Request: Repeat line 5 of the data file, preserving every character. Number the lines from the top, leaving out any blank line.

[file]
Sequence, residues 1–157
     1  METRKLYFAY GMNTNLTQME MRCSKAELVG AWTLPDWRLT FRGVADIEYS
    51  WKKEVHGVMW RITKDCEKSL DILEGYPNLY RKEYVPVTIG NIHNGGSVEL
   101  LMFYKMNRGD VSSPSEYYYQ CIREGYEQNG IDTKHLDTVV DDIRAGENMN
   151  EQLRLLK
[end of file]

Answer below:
   151  EQLRLLK